The Triumph of Jennifer Smith. Her name is Jennifer Smith, and after more than twenty years, she is still the “voice from heaven”. Contrary to what it may seem, Jennifer Smith was born in Portugal, and I heard her for the first time as the “voce dal cielo”, in Verdi’s Don Carlo, with Boris Christoff as Philip II, in the S.Carlos Opera House. Thereafter, Europe became her country, stages and recording studios her world. I believe, actually, that the majority of the Portuguese public has not yet realised the enormous international prestige of this singer, especially in the baroque repertoire. She has returned regularly for opera and oratorio, some recitals too, as recently, at the Sala Politécnica, that joined her with Olaf Baer and “his imperial highness” Geoffrey Parsons. All the same, in spite of her talent, her notable technique, the beauty of her voice, the art of Jennifer Smith always left me with a slight impression of coldness, maybe the coldness of perfection. The intimacy of last Tuesday’s recital, at the same S.Carlos Opera House where I first heard her, was necessary to reveal to me just how wrong I was: I had taken for coldness what was restraint, delicacy, subtlety. Jennifer Smith does not paint vast canvasses in oil, but ethereal water-colours, enchanting miniatures. She does not need great vocal or histrionic expansions to convey the most diverse feelings or moods: the raising of an eyebrow, a slight hand movement, a simple glance, suggest the whole atmosphere of a piece. This was the way in Mozart, delicate though obvious sensuality, infinite humour and malice; in Schumann “Frauenliebe und –Leben”, as moving in her contained lyricism as the dramatic extroversion of other interpretations. This was also what happened in the works of R.Strauss, that supreme lover of the eternal feminine, especially in a prodigious “Ständchen”, light and iridescent as foamy lace. Fátima Medeiros Diário de Notícias (June 94)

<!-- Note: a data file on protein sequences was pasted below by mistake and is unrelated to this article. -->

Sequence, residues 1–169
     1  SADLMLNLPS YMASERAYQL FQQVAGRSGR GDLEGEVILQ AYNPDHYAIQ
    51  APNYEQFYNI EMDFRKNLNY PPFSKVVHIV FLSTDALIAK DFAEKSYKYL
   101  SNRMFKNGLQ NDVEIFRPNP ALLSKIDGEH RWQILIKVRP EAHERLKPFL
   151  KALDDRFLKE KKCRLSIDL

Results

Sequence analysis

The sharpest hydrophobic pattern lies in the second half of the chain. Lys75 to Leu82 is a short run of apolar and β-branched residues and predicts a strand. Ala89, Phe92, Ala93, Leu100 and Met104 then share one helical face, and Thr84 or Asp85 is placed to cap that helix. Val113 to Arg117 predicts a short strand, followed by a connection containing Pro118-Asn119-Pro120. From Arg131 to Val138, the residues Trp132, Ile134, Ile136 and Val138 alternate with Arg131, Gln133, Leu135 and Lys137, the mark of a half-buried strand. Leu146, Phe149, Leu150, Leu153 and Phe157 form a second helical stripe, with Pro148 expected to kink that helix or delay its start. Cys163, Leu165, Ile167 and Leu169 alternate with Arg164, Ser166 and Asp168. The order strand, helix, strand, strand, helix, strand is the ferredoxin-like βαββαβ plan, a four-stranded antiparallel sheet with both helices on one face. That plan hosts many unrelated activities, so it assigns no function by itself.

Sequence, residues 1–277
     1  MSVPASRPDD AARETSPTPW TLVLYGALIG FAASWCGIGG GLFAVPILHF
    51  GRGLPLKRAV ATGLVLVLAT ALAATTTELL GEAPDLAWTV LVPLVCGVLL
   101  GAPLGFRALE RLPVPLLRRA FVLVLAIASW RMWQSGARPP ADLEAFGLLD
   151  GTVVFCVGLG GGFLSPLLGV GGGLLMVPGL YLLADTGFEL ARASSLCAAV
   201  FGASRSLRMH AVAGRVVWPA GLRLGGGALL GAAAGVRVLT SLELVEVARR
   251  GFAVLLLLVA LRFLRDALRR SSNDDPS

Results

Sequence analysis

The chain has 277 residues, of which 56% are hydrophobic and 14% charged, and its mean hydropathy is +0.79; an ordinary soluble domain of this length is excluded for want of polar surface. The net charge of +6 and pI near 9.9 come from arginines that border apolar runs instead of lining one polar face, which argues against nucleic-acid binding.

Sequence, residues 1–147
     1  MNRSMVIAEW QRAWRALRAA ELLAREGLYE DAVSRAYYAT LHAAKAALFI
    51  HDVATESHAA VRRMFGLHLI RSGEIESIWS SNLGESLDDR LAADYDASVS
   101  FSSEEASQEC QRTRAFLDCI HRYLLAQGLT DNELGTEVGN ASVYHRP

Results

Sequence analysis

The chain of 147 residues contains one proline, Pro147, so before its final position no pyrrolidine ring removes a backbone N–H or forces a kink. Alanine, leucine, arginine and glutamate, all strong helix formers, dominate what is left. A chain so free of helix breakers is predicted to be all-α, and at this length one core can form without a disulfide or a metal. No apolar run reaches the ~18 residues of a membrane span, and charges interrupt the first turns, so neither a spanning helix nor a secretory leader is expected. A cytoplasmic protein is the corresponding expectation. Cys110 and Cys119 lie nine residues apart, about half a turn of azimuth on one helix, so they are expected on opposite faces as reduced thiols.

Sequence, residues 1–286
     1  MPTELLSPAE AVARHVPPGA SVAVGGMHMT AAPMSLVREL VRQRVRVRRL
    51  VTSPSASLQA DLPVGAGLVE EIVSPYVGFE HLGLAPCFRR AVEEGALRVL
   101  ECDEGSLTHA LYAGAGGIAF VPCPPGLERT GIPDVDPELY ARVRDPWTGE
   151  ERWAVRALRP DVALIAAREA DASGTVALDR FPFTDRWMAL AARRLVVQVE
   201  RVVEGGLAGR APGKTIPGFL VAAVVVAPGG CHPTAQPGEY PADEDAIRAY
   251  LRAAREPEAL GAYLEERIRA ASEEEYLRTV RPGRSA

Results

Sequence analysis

Amongst the great performers I have heard in a lifetime were W.Furtwängler, Bronislaw Huberman, Julius Patzak, Artur Schnabel, Sergey Rachmaninov, Glenn Gould, Pablo Casals, Reginald Goodall, Vlado Perlemuter, the Oskar Adler Quartet with Franz Schmidt as cellist, Artur Rubinstein, Reginald Kell, Benjamin Britten, Peter Pears, Shura Cherkassky, Ida Haendel, Edith Vogel, and Anne-Sophie Mutter, as well as, intermittently, Igor Stravinsky, Otto Klemperer, Willem Mengelberg, Hans Knappertsbusch, Richard Strauss, Herbert von Karajan, Leonard Bernstein, Daniel Barenboim, Edwin Fischer, Arturo Benedetti Michelangeli, Clara Haskil, Sviatoslav Richter, Martha Argerich, Victoria Postnikova, Andre Tchaikowsky, Alfred Brendel, Jascha Heifetz, Ginette Neveu, Joseph Szigeti, Fritz Kreisler, Kirsten Flagstad, Richard Tauber, Jennifer Smith and Hilde Gueden; Yehudi Menuhin’s is a special case – capable, in auspicious circumstances, of great performances. (Conclusion of Hans Keller’s penultimate column for Music and Musicians December 1985)
Very special timbre, once heard never forgotten. Alan Blyth Daily Telegraph
Jennifer Smith, the cream of Ealing sopranos… Time Out